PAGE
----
Down & dirty truth subsidized/unsubsidized Stafford loan

October 7, 2008

You're on a need to know basis and you need to know how the new subsidized/unsubsidized Stafford loan program works.

The federal Stafford loan program was modified on Aug. 14, 2008.  Starting with the basics of this nearly 20-year old program:  the Stafford loan is an entitlement for undergraduate college students

With an approved FAFSA form, a Freshman student is now entitled up to $5,500.  (That is the magic word up to.) Sophomores can receive $6,500 and Juniors and Seniors can receive $7,500. 

When a student is awarded a subsidized Stafford loan, the federal government pays the interest while the student is enrolled in college at least half-time, as well as up through six months after graduation.  (It is funny that they call this an award, when you have to pay it back.)

While both the subsidized and unsubsidized versions of the loan allow for deferred payments, the unsubsidized Stafford accrues interest (currently at 6.8%) throughout the college term.

The subsidized Stafford would always be preferred over the unsubsidized.  However there’s no box to check requesting the subsidized version.  A student’s demonstrated need must be sufficient to warrant the subsidized loan entitlement.  The maximum subsidized amount is different from the total loan amounts described earlier.  In fact, it’s $2,000 less for each of the annual amounts.  So, for example, a student could receive a $3,500 subsidized Stafford loan in the freshman year with the remaining $2,000 being unsubsidized.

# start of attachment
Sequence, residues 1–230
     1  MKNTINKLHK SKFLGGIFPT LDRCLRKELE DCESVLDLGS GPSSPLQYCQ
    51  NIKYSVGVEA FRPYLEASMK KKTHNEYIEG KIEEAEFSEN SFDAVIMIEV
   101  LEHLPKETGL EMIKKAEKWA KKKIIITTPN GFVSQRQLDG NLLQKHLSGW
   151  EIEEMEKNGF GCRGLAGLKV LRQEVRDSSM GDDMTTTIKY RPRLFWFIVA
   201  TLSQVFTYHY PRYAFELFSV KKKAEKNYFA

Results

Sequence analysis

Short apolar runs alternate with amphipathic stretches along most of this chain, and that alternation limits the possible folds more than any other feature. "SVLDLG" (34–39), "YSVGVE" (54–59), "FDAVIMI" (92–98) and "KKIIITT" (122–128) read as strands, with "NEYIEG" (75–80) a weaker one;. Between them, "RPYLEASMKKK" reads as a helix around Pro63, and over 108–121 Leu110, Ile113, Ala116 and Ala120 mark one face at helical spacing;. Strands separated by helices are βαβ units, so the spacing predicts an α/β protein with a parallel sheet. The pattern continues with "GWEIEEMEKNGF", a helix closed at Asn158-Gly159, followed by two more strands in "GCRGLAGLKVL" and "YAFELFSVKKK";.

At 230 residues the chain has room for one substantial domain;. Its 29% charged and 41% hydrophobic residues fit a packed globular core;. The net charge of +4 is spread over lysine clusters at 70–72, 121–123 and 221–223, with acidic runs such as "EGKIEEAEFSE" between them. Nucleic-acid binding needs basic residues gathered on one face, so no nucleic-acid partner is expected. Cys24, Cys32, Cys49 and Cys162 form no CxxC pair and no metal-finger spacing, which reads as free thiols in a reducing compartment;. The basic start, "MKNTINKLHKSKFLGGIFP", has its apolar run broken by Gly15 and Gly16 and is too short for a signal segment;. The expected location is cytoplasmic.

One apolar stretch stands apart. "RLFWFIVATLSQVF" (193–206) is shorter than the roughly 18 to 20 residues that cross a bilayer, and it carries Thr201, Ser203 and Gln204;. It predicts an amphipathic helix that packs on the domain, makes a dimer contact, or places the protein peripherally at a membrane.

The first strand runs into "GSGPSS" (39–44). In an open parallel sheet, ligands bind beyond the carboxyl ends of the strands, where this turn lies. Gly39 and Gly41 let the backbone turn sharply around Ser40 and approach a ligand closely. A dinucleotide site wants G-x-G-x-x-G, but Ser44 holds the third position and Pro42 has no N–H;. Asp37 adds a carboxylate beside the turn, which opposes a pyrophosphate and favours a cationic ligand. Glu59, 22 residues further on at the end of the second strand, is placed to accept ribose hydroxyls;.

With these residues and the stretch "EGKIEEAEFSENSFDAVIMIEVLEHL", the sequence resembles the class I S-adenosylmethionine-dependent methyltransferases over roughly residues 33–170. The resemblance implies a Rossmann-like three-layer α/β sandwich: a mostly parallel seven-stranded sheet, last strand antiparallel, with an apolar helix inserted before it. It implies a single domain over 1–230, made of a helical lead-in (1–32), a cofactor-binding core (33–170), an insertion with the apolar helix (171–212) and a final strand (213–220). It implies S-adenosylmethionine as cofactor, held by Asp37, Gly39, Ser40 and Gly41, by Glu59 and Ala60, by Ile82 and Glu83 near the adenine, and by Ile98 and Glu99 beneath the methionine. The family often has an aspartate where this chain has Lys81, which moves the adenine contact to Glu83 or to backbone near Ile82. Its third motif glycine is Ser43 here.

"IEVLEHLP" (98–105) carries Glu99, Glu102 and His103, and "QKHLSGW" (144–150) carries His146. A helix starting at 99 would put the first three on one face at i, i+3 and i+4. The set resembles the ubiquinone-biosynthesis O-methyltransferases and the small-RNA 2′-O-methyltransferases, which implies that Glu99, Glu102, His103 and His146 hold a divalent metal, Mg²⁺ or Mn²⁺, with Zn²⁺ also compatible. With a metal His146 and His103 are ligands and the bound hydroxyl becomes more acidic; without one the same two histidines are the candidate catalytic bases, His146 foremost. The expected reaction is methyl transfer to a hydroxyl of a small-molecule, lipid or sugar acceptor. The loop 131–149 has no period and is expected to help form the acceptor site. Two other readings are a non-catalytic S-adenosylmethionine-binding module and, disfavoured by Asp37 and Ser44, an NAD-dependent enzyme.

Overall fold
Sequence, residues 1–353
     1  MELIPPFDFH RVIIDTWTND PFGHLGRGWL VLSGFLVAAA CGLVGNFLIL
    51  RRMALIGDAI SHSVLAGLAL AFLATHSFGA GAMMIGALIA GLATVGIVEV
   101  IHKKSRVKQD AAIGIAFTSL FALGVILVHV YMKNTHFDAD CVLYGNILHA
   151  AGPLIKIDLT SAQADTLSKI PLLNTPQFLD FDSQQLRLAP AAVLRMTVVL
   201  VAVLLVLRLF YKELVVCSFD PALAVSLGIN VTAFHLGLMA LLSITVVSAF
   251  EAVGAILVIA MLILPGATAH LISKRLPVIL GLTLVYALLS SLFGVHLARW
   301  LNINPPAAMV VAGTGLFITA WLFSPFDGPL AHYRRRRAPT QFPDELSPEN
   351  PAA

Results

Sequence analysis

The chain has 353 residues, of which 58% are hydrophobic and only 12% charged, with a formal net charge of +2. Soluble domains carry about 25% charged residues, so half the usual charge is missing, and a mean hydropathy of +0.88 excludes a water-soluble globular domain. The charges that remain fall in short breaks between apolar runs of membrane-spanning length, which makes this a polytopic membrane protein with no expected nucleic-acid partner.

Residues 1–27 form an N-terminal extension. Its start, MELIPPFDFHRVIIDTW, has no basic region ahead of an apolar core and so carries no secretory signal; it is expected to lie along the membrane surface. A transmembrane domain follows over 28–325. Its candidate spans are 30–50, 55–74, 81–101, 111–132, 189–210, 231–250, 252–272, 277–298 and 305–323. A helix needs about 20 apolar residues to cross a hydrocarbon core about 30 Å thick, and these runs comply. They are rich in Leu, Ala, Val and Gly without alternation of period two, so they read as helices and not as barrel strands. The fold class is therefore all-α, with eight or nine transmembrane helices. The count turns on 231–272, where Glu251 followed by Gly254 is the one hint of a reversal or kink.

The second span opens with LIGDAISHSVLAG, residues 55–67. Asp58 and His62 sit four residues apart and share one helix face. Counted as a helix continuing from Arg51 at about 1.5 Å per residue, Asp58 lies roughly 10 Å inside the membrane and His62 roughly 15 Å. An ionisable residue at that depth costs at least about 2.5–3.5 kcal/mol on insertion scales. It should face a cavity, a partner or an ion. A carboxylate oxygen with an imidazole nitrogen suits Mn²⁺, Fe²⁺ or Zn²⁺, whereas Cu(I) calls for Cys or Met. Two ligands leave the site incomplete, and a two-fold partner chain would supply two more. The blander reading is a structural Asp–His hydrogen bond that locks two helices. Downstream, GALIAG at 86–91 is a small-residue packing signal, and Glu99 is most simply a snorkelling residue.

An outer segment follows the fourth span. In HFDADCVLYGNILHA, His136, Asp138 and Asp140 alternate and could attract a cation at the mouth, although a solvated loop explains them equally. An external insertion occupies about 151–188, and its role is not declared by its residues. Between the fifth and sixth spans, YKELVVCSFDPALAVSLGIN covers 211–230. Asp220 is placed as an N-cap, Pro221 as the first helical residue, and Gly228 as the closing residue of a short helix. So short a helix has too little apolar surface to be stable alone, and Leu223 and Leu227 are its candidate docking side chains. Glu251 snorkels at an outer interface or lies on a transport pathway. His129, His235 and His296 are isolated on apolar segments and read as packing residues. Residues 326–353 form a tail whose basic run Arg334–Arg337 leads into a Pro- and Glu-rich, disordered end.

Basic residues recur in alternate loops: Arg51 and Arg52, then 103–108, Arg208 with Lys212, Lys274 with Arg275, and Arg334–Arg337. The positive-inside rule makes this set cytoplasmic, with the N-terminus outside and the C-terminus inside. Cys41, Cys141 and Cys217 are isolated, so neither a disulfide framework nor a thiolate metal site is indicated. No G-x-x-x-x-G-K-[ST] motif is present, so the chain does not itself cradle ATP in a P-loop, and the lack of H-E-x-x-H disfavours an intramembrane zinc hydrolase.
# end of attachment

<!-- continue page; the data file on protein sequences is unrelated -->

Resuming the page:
So how do we get subsidized loans?  A student’s Expected Family Contribution (EFC) is the sole deciding factor.  If the demonstrated financial need (after grants and scholarships) is greater than or equal to the maximum allowable subsidized amounts, then a student is awarded such. 

For example, let’s say the total cost of attendance of college your student is interested in is $35,000.  If a student’s EFC is $15,000, then the demonstrated need is $20,000.  (Coast of attendance - expected family contribution = need) If the student receives a $12,000 grant then there’s still $8,000 of need remaining.  This student would receive the maximum $3,500 subsidized Stafford loan as well as $2,000 in unsubsidized. That is say only if the college meets 100% of the need. (We will discuss that one later.)

However, if another student attending the same $35,000 college has a $40,000 EFC, then there is no demonstrated financial need.  This student would receive a $5,500 unsubsidized Stafford loan with no government subsidy. If you do not fill out the FAFSA, your student will not even have this option. 

Sometimes deferring payment for a few years is a prudent financial move. However, before you accept any loan, it is best to know the advantages and disadvantages. With knowledge you can make an intelligent decision.

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